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I need to setup a VPN trunk (with remote branch office location), Video Conference and Web Server on-premise in the office.

I am used to ISP providing blocks of 8 or 16 IPs. But I have a new ISP which says they only can provide a single IP. Are there any issues with running all services on a single IP?

I don't think this has any thing to do with bandwidth..? I'm not using SSL certificates... I can do port forwarding to different machines... What else...?

Disclaimer: I am a programmer by training. Sorry for noob question.

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closed as primarily opinion-based by mdpc, Jacob, Ward, Lucas Kauffman, Jenny D Jun 26 '13 at 12:23

Many good questions generate some degree of opinion based on expert experience, but answers to this question will tend to be almost entirely based on opinions, rather than facts, references, or specific expertise.If this question can be reworded to fit the rules in the help center, please edit the question.

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Everyone is running out of IPv4 addresses. Soon, they will give you zero. Make sure you're also getting IPv6. –  Michael Hampton Jun 26 '13 at 2:48
    
In response to the hold status, I have changed my original title to better reflect what I was really asking in the beginning. I actually was going to have 2 Video Conference sets of the same model and the answers reminded me that they cannot share the same ports. –  Jake Jun 27 '13 at 13:39

4 Answers 4

up vote 1 down vote accepted

By using a single IP address, you're limited to setup your services to listen via TCP/UDP ports only. The downside would be you have to setup certain services to use non-standard ports, or some ports may be in conflict with other services when not properly documented. Your clients will also have to be configured to use these non-standard ports - extrapolate that to 100 clients and you have to do lots of reconfiguration. :(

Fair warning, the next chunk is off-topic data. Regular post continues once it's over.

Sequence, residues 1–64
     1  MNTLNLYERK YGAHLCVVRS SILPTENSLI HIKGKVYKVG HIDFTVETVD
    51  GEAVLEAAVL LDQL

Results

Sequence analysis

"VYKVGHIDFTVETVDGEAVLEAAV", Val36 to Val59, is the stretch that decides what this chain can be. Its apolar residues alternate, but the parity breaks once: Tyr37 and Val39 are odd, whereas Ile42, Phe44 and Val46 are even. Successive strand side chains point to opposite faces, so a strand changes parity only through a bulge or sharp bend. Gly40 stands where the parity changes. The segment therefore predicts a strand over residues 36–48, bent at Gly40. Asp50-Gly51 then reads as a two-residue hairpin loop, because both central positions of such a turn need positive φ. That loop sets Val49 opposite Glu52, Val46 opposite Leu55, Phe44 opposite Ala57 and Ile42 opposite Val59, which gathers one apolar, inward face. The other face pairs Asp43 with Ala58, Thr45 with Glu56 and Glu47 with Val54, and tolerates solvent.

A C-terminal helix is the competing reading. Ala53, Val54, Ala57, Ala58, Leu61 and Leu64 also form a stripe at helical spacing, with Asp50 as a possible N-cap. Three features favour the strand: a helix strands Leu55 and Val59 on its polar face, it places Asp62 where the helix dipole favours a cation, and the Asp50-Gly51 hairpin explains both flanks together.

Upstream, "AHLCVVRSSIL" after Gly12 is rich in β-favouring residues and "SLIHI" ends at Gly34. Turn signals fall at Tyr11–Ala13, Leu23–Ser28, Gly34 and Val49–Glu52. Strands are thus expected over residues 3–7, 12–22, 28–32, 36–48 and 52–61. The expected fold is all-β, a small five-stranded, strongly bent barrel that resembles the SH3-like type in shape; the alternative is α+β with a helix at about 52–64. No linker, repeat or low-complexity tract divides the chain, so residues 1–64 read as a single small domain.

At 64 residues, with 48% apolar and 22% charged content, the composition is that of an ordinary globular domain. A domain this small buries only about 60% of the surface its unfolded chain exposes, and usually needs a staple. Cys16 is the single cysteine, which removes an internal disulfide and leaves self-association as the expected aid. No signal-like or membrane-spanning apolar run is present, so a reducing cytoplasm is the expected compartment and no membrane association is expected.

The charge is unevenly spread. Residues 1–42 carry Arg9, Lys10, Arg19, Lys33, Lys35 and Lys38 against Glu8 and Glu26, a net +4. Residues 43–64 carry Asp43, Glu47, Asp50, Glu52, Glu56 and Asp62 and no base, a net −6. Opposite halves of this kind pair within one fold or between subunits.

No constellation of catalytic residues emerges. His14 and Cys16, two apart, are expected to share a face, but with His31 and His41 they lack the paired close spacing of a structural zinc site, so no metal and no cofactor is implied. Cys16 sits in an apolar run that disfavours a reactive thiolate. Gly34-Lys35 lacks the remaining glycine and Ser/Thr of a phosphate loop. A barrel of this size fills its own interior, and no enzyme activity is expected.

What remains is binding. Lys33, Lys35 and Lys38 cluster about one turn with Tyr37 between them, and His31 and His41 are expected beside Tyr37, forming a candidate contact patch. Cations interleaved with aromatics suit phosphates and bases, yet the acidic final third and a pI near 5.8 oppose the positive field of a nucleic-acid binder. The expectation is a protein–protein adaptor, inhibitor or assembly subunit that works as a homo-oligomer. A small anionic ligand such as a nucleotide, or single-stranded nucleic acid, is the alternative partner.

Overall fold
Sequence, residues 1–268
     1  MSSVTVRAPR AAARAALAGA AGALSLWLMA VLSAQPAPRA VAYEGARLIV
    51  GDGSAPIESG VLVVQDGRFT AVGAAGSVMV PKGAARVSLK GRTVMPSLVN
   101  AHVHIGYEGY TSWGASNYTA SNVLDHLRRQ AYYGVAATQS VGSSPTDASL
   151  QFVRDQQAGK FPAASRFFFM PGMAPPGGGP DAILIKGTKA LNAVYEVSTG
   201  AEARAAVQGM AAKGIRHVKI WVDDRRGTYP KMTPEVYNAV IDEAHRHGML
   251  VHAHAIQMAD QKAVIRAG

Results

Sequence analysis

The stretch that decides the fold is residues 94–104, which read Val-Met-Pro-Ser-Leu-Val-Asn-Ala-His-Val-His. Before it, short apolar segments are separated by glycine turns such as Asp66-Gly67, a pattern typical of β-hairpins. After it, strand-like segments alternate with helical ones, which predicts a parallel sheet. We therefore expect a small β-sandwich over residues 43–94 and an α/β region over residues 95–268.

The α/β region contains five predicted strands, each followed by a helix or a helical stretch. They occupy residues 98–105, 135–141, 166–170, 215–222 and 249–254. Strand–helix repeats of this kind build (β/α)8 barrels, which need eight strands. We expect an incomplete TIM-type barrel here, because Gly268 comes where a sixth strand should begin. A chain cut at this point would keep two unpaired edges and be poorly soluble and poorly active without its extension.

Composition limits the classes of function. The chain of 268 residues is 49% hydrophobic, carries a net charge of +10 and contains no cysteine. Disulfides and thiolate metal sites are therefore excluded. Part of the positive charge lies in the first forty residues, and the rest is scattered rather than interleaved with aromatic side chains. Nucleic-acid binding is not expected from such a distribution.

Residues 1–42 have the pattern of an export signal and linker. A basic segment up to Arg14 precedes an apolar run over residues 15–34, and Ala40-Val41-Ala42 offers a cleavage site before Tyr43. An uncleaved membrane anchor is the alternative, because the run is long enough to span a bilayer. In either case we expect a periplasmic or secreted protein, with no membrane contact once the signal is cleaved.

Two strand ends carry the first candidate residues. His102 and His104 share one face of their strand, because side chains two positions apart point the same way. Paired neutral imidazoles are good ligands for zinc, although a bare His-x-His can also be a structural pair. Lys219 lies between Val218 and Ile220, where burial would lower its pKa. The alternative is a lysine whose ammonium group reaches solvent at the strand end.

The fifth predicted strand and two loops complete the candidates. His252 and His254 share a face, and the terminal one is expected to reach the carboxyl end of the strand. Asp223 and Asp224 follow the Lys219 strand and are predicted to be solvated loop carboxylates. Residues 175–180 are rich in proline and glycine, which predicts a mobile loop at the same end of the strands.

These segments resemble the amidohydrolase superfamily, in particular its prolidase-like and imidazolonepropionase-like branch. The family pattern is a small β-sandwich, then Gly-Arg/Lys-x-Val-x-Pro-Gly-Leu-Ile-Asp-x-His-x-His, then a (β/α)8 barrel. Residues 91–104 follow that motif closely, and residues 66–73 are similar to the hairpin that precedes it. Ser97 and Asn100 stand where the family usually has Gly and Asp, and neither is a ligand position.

Take note of the ports assigned to certain applications (1433 for MSSQL Server, 80 for Web, 22 for SSH, etc.) and avoid using these standard ports when configuring a custom port for your services. When in doubt, refer to a list of well known and registered port numbers. :)

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It is typical for small and medium businesses to provide multiple services on a single IP address. It gets complicated (but not impossible) only when you aspire to host multiple secure web sites at the same IP address and TCP port number.

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No generally there no problems running multiple services on a single IP.

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A single IP address will force you to host these services on non-standard ports if they both use the same port by default. For example, if your video conferencing software and web server both want to use port 80 for HTTP and you need to have both accessible publicly, you'll have to set one to run on port 80 and the other to a different port (like 8080).

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